Author Topic: The Reliability of the SHT-31 Humidity Sensor & What Psychrometer Should I Buy?  (Read 40942 times)

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Offline openvista

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Really the readings are in spec, temp is +- .5f and humidity is typically +-2% but can run up higher to 3% or so.

No, Sensirion's specs are tighter than Davis'. He's testing OEM sensors, not sensors run through Davis electronics (which introduce their own uncertainties, apparently).

The key question here: is the chamber drifting upwards in temperature or the sensors? We need to know.
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Offline jerryg

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Those specs are from the sht 31 data sheet not from Davis.

Offline ValentineWeather

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Chamber I'm guessing would be dead on since its used for calibration. Looks like 31's ran about -.3 low new and +.5 high after two years.

But after further review I'm comparing a brand new sensor 1 day old against 26 month old and see no difference at night. The two sensors swing from  0-.3 delta T with neither sensor biased one direction so I'm thinking temperature is solid.
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Offline openvista

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Those specs are from the sht 31 data sheet not from Davis.

Correct. And because he's testing Sensirion equipment with no Davis connection, +/- 0.36F is the correct specification.
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Offline Jim's Weather

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The chamber is accurate. The problem is repeatability with the sensors. Repeatability means subjecting the sensor to the exact same conditions multiple times to see if it produces the same reading. If I were to do this test ten times with these, I'm thinking I would end up with a maximum repeatability window of 0.7°F and a standard window of 0.5°F. The average temperature between all tests would probably come out around 83.1°F.

I did the test one more time and got different but better results on the temperature side.

Chamber Conditions
Temperature: 83.0°F
Humidity: 100.0%



« Last Edit: July 14, 2018, 08:42:05 PM by kcidwx »
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Offline openvista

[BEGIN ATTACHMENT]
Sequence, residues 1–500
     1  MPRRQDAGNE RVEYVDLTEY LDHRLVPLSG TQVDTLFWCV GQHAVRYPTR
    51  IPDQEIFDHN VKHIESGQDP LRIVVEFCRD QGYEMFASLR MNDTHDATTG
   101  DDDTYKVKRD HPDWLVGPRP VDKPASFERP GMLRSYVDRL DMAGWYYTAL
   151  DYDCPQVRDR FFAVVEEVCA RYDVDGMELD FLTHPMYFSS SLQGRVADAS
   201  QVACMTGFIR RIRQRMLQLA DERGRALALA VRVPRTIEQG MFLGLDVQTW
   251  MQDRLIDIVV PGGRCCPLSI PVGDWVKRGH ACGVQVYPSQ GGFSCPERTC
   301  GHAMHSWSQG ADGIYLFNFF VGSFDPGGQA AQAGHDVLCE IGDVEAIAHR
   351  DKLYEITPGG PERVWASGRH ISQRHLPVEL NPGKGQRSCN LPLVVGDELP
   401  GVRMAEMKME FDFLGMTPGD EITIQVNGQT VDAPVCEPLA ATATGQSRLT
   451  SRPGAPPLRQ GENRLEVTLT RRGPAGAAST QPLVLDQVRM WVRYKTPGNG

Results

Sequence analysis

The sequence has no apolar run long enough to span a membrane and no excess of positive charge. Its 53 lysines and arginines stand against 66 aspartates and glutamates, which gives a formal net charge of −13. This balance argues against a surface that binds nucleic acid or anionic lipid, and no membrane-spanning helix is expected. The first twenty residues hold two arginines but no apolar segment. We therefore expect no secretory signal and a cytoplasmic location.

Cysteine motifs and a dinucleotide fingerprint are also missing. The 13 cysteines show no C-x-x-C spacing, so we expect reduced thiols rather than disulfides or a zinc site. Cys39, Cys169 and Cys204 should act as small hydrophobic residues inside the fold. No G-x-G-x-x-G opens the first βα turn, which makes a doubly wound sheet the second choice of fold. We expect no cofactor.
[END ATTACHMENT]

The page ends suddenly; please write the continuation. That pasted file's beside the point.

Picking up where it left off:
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Whew. Yes, of course, repeatability. Forgot about that bugaboo.

Thanks for repeating the test!
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Offline Jim's Weather

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Hitting 100% on the SHT-31 is not really part of the spec. At 100% humidity it's considered in calibration at >96.5%. If you really want to see 100% when it's 100% humidity then you will have to get into the pro level sensors and they start around $400 each.

« Last Edit: July 15, 2018, 12:22:56 AM by kcidwx »
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Offline Dj1225

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Yesterday I hit 99% on my new sensor today max 98%...Tomorrow?
I did just pull it out and double filtered with the Davis filters.


My new sensor maxed out at 97% First time I've seen 97% in a year and a half. The old sensor was barely making it over 94% I was reading in this thread about the sensor being shipped in bubble wrap and it causing issues to the sensor. Mine was wrapped up in bubble wrap, should that be a cause for concern?

Offline Jim's Weather

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They do make ESD bubble wrap bags but because of what they're typically made out of, it usually violates the sensor handling/packaging requirements.

My 31's came in this.

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Offline Dj1225

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They do make ESD bubble wrap bags but because of what they're typically made out of, it usually violates the sensor handling/packaging requirements.

My 31's came in this.




Are you talking about the actual sensor from Sensirion, or the temp/hum sensor for the VP2?

Offline jgentry

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Hitting 100% on the SHT-31 is not really part of the spec. At 100% humidity it's considered in calibration at >96.5%. If you really want to see 100% when it's 100% humidity then you will have to get into the pro level sensors and they start around $400 each.

Hmm... That hurts my feelings. Lol

The one I have at my friend’s farm has reported 100% for the second time in a row. This is after he received 2” of rain yesterday. My main station with FARS is currently reporting 97%
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Offline Jim's Weather

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They do make ESD bubble wrap bags but because of what they're typically made out of, it usually violates the sensor handling/packaging requirements.

My 31's came in this.



Are you talking about the actual sensor from Sensirion, or the temp/hum sensor for the VP2?

My sensors came PCB mounted from Sensirion. The VP2 sensor should be shipped in similar qualifying packaging according to Sensirion's guidelines.
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Offline Jim's Weather

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Hitting 100% on the SHT-31 is not really part of the spec. At 100% humidity it's considered in calibration at >96.5%. If you really want to see 100% when it's 100% humidity then you will have to get into the pro level sensors and they start around $400 each.